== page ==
Delmare Ana February 27, 2021 Home Design
An apartment in Helsinki, Finland houses this 300-year-old, restored “Könni” wall clock. It was handed down to Ulla-Maija by her mother’s family — still chiming every hour on the hour as it would centuries ago. She believes a home is made gradually over time through pieces that reveal one’s true past, present and future. “You add to it as you go, and little by little it becomes a reflection of who you are and where you’ve been.” Ulla-Maija’s decorative ideology is represented in a space full of meaningful family heirlooms, including a family tree gallery wall of portraits dating back to the 1800s.
When they got the keys to their office in February, Liz and Kate immediately started refinishing the space to inspire their work. The charm of the architectural elements like coffered ceilings, terrazzo floors and large windows add to the beauty of the studio. Budget-friendly furniture, DIY projects and vibrant art — of course! — have made this space uniquely theirs
Adore Your Walls started four years ago when CEO and founder Liz Lidgett started offering art advisory services to restaurants, businesses and homeowners to find the perfect piece of art for their style, space and budget. The business started from her home in Des Moines, IA, but she has worked with national brands and clients all over the country to add more color and culture to their walls. This last year, Adore Your Walls gained startup experience from Kate Wagner, Liz’s sister, as COO. The two share a passion for creating more beautiful rooms with carefully curated art. The company has since grown rapidly and Liz and Kate recently moved from Liz’s dining room table to a 1,000-square-foot office in the historic Temple of the Performing Arts in Downtown Des Moines.
“Always interested in the arts, we had early careers in the restaurant and plumbing businesses,” Vivian shares. “We married and settled in Oxford, MS in 1999 where we began our art careers and business in earnest. We are developing a sort of arts compound where we live, work and promote regional artists. We have taken our time reclaiming the acreage we acquired and look forward to the coming additions/evolution, including a sculpture garden in the field outside our home.” The arts compound she’s referring to is the rural art gallery she and Walter opened three years ago, sitting off the ground in a treehouse-like setting, aptly named The Oxford Treehouse Gallery, just 200 yards from their home. The gallery, as well as their home, houses a lot of their own art, too. Walter is an artist/blacksmith and Vivian is a painter and block printer.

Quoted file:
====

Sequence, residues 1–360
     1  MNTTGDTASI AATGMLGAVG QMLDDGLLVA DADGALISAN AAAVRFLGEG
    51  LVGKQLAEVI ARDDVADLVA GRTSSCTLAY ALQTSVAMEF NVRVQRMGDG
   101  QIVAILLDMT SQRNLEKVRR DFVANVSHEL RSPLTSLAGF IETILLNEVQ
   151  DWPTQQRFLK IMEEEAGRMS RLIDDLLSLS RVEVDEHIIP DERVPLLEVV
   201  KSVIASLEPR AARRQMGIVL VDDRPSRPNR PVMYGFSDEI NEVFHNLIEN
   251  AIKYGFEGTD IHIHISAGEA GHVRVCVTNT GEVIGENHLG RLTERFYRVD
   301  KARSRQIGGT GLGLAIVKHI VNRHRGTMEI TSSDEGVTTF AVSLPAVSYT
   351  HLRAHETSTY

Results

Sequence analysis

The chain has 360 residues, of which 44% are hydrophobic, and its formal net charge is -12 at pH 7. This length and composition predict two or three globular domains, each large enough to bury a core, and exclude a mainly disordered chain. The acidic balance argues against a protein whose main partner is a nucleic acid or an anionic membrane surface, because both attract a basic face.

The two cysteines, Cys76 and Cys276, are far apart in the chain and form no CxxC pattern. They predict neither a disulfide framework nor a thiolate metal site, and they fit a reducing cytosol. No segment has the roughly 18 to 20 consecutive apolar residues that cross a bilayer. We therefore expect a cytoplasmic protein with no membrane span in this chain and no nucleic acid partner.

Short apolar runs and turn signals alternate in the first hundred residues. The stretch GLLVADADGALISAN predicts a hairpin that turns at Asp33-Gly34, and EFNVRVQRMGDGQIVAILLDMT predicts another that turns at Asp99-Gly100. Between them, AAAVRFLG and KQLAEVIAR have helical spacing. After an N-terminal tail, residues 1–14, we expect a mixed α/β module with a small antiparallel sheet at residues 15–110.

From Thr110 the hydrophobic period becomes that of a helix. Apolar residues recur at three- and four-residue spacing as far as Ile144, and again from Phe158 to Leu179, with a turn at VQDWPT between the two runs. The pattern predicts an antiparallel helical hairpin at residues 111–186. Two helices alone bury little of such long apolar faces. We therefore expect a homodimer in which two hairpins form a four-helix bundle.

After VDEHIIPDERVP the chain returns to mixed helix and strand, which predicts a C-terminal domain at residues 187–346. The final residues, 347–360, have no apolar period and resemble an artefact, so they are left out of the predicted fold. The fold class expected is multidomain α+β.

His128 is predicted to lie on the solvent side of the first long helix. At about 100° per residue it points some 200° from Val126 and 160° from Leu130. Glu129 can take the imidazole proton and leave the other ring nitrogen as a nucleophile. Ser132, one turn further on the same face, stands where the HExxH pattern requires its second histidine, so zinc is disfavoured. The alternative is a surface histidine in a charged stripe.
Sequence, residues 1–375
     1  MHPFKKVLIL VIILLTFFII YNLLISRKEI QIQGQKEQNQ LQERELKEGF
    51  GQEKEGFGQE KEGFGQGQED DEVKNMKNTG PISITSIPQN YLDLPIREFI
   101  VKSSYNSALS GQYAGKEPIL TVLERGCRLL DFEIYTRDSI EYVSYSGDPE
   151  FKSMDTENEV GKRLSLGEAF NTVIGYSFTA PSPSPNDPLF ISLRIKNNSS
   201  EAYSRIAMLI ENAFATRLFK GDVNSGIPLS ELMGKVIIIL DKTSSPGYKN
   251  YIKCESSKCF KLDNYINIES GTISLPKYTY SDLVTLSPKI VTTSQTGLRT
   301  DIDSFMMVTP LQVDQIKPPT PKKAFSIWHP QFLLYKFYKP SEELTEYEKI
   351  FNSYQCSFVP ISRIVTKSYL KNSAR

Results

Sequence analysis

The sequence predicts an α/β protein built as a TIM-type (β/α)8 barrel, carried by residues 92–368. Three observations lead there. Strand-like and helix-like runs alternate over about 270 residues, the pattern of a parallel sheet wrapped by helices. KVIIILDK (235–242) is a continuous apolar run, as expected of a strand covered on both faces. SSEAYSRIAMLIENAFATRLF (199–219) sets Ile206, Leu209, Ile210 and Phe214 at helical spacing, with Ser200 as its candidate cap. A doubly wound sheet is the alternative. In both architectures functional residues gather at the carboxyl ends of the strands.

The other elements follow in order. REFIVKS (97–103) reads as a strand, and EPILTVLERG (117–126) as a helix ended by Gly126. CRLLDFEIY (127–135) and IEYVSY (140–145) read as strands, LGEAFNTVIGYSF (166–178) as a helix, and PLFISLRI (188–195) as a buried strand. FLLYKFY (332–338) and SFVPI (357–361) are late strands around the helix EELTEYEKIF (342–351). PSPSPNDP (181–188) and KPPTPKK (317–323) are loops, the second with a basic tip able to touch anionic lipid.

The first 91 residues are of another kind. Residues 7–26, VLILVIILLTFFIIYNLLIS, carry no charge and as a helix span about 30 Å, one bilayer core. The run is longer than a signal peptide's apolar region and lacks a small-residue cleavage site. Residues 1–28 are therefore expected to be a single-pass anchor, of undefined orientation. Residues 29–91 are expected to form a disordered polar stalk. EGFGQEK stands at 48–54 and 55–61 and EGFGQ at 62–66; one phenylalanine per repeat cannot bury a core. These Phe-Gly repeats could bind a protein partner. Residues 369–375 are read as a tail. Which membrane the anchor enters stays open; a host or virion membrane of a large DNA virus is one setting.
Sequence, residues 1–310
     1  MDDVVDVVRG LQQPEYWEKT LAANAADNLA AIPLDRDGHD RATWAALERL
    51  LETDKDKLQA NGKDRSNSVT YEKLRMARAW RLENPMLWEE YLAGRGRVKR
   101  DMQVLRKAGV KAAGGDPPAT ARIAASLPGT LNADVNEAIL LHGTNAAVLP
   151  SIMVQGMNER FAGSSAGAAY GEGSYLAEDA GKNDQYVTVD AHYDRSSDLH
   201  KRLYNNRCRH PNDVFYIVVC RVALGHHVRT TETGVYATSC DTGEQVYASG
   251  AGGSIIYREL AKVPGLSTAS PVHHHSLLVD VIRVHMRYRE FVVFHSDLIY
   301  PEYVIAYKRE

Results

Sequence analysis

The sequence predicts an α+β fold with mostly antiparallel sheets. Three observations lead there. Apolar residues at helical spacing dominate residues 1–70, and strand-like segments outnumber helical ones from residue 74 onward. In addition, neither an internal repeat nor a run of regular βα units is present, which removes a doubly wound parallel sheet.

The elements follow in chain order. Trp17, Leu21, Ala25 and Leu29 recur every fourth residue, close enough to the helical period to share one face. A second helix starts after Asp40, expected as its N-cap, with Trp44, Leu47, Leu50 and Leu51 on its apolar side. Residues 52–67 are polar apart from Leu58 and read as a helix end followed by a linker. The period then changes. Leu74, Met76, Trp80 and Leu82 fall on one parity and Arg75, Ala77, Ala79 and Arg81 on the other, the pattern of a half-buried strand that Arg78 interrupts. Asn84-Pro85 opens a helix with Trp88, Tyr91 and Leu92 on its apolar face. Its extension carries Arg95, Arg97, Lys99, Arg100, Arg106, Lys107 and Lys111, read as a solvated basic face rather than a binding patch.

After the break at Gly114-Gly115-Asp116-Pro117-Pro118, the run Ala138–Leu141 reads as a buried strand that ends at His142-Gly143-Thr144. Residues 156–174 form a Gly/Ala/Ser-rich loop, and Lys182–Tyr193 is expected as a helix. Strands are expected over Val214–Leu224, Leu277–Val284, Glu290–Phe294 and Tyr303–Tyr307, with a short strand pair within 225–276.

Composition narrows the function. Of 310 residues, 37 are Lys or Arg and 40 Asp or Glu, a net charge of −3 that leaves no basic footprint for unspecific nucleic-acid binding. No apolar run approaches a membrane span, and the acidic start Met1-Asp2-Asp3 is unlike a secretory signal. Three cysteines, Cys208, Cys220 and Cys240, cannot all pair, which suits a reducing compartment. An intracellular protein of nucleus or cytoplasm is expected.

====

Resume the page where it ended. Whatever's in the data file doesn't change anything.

Betsy and Peter Olmsted share their home with their two boys Emmett (7) and Wells (4), as well as Winnie the mature-madam shepherd mix, Hank the French bulldog, and Archer the leopard gecko. Their home was originally a Victorian carriage house and barn that was used for three neighboring mansions, built in 1890 when it also had three deeds. The 5,400-square-foot home was created from the converted spaces in 2008, and the Olmsted family moved in and made it their own a year ago. The downstairs features an open plan, their den, and the attached stables that became The Betsy Olmsted Design Studio — Betsy’s namesake textile company, Betsy Olmsted, which features a line of printed vibrant watercolor infused textile housewares with her whimsically sophisticated illustrations (which are heavily inspired by animals and nature). Upstairs you’ll find more open spaces, three bedrooms and baths, a study, and even a screened-in sleeping porch.
Sarah and her husband Matthew Latkiewicz, a television host, writer, and producer, arrived in Oakland with only what they could squeeze into their Honda Fit. This included Sarah’s grandparents’ coffee table, Matthew’s two favorite chairs, some art, and their clothes. After weeks scouring Craigslist and thrift stores, Sarah realized the best place for reasonably priced home goods was estates sales. “That is how the best stuff gets into the bloodstream of the Bay Area. That and the Alameda Flea Market.” From her estate sale and flea market explorations she began assembling a collection of what she calls “soulful objects.” It took about three years before Sarah felt like she had made a cohesive and comfortable space of their 1920s Art Deco apartment.
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